Skip to comments.St. Francis of Assisi: Not a Birkenstock-Clad Hippie But a Converter of Muslims
Posted on 04/03/2008 10:51:51 AM PDT by wagglebee
LifeSiteNews: Do you think that Christian-Muslim dialogues have helped relations between the two groups or have they simply obscured the Christian mandate to go into the world and preach the Gospel to every creature?
Frank Rega: There is no doubt that ecumenism since Vatican II has diluted and weakened the efforts at evangelization. On the other hand, diplomatic dialog is quite necessary; for example, in negotiating to have the Saudi's allow Catholic worship and churches in their nation. But the pendulum is swinging towards the more traditional view of converting unbelievers rather than only dialoging for the sake of mutual understanding. One indication of the paradigm shift is the very public reception of Magdi Christiano Allam into the Church by the Holy Father himself.
Also, the Congregation for the Doctrine of the Faith issued a document last December reminding Catholics that ecumenical efforts should not cause us to neglect the gospel mandate to seek the conversion of others to Christ. This must be accomplished without coercion, but rather by a dialog of conversion. This is what Francis did in his conversations with the Sultan.
The problem arises with a certain philosophy of ecumenism that seeks some type of indefinite mutual coexistence of differing religions, or worse yet, that would strive for a for "pan-religion" by the merging of religious traditions. This approach is a denial that the Catholic Religion is the one true faith founded by Jesus Christ.
LifeSiteNews: What can St. Francis teach Christians of today about relating to Muslims?
Frank Rega: First, I think it is important to realize that St. Francis did not openly attack the Muslim religion or Mohammed. He was not armed with a copy of the Koran in one hand and the Catholic Catechism in the other. In fact there is no indication that he ever instructed his friars who undertook such a mission to study the Koran or the tenets of Islam. His goal was to carry to the unbelievers the very presence of Christ, and the essence of God's love, mercy, forgiveness and salvation.
This brings up a second point, the necessity to be strong in the basics of our Faith. One cannot relate as a Catholic to another religion while being hesitant, for example, about the truth of Christ's Resurrection from the dead on Easter.
Finally, Francis shows us that we must keep it simple. Simplicity was one of the hallmarks of his personality and of his approach to Christianity. Spiritual strength flows from the simple understanding and belief that Jesus is God, that he founded a Church to transmit the grace of salvation in His Name, and that Church is the Roman Catholic Church.
See previous LifeSiteNews.com coverage:
Message of the Pope's Baptism of Prominent Muslim: Be Not Afraid to Acknowledge Christianity as The Truth:
The Implications of Fundamental Islamic Expansion in North America
Jesus and Muhammad's Words, Actions, Teachings Contrasted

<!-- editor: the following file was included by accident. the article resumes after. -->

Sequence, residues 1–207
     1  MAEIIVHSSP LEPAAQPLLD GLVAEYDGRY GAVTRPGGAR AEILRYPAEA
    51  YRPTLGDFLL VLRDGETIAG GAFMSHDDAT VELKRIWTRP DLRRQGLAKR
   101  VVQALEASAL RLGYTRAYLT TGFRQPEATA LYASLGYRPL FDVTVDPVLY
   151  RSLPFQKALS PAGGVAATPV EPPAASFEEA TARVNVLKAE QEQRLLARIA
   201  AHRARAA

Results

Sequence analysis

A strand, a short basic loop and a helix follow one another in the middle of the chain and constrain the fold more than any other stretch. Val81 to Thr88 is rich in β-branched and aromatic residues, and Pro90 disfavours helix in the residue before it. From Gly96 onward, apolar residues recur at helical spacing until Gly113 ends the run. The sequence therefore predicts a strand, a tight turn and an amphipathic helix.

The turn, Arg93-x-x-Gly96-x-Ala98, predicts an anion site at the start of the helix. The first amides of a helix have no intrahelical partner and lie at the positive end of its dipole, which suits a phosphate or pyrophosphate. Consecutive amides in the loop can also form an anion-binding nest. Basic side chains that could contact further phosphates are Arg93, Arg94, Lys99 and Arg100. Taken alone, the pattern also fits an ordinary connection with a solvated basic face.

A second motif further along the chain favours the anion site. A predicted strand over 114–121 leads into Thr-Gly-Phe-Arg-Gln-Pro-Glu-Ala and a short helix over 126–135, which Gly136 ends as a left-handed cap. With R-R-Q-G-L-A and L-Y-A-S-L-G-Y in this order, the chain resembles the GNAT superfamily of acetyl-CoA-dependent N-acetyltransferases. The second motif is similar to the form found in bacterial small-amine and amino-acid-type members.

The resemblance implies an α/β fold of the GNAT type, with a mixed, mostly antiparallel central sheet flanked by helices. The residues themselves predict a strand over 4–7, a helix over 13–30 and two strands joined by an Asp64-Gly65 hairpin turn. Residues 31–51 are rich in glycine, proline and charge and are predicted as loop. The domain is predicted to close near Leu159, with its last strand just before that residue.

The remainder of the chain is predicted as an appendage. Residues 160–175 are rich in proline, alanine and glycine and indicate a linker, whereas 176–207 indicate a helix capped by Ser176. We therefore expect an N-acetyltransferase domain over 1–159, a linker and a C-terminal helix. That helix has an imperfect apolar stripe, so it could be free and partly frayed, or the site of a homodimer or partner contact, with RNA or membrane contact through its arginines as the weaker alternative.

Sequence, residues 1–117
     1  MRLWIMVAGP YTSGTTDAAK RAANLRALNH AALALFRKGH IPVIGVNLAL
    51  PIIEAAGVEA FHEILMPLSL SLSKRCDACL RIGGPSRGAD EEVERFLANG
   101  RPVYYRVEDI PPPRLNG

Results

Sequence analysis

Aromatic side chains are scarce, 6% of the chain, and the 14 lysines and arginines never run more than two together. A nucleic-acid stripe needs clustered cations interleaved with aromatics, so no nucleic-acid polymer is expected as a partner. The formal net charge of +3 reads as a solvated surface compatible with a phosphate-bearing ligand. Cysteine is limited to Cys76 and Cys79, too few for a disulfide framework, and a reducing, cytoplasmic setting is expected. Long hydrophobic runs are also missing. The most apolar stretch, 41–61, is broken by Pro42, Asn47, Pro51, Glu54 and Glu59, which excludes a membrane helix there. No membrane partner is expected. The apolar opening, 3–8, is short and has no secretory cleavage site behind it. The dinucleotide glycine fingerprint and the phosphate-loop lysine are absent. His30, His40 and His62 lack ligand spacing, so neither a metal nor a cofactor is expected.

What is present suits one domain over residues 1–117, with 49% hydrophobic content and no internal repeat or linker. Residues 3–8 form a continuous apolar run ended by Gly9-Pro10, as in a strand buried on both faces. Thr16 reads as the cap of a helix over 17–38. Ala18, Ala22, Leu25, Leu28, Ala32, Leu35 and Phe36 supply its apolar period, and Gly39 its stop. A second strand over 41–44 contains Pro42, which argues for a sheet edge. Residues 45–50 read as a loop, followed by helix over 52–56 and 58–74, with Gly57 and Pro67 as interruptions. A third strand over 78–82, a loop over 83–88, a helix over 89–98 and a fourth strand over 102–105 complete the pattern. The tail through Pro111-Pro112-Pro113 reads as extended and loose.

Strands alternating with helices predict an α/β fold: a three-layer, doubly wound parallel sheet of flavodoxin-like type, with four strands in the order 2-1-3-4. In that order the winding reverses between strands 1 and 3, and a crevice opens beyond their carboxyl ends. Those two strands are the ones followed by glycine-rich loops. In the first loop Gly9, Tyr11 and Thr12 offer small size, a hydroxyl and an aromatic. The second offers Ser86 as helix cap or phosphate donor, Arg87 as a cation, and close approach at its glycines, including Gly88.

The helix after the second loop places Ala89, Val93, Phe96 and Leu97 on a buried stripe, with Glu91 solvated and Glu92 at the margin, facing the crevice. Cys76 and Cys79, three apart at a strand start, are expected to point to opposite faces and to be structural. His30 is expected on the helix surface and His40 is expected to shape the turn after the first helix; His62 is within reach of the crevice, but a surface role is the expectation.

Abandonment of Judeo/Christian Heritage Has Left West Vulnerable to Fundamental Islam
Multiculturism a Factor Turning Moderate Muslims Radical?
Visit the site for Rega's latest book:
Visit Rega's site:
This is sure to upset a lot of liberals.
You’re right. Though I think shod technically refers to shoes or boots, not sandals.
Take it up with St. Hubbins.
Hadn't thought much about it, but it was a refreshingly courageous act in contrast to the increasingly timid & political-minded behavior of the large denomitions these days.
The patron Saint of casual footwear?
In the mockumentary Spinal Tap, Spinal Tap's lead singer/guitarist David St. Hubbins is asked by an interviewer: "Was there really a Saint Hubbins?" To which he replies: "Yes . . . I believe he was the patron saint of quality footwear."
Love St. Francis!! He is my daughter’s patron saint.
Sounds like a great book! St. Francis was responsible for bringing me to the Church.
I don’t think any Christian in the post-Apostolic age has better exemplified our Lord’s Gospel than St. Francis. Even among non-Catholics he is greatly revered.
St. Francis of Assisi was a stigmatic. I doubt he wore Birkenstocks. LOL!
“St. Francis of Assisi was a stigmatic. I doubt he wore Birkenstocks. LOL!”
My youngest son hung around with some of the Orders when he lived near the Basilica in DC while he attended school.
Are the Franciscans discalced? He mentioned discalced and I thought he said in conjunction with the Franciscans but am not sure.
Actually, the expression “sandal-clad” is a legitimate if somewhat antiquated English expression. So I think “Birkenstock clad” would qualify, too.
Be that as it may, I think we really do need another Crusade (Franciscan style). Sitting around waiting for the Muslims to take us over is not an option. We have to go to them and preach the Gospel.
But we’ve got to do it the way BXVI does it, and the way St. Francis did it: No syncretism. Islam is simply wrong, and we’re showing them the Truth, which is that God is Love, and man is made in the image of God.
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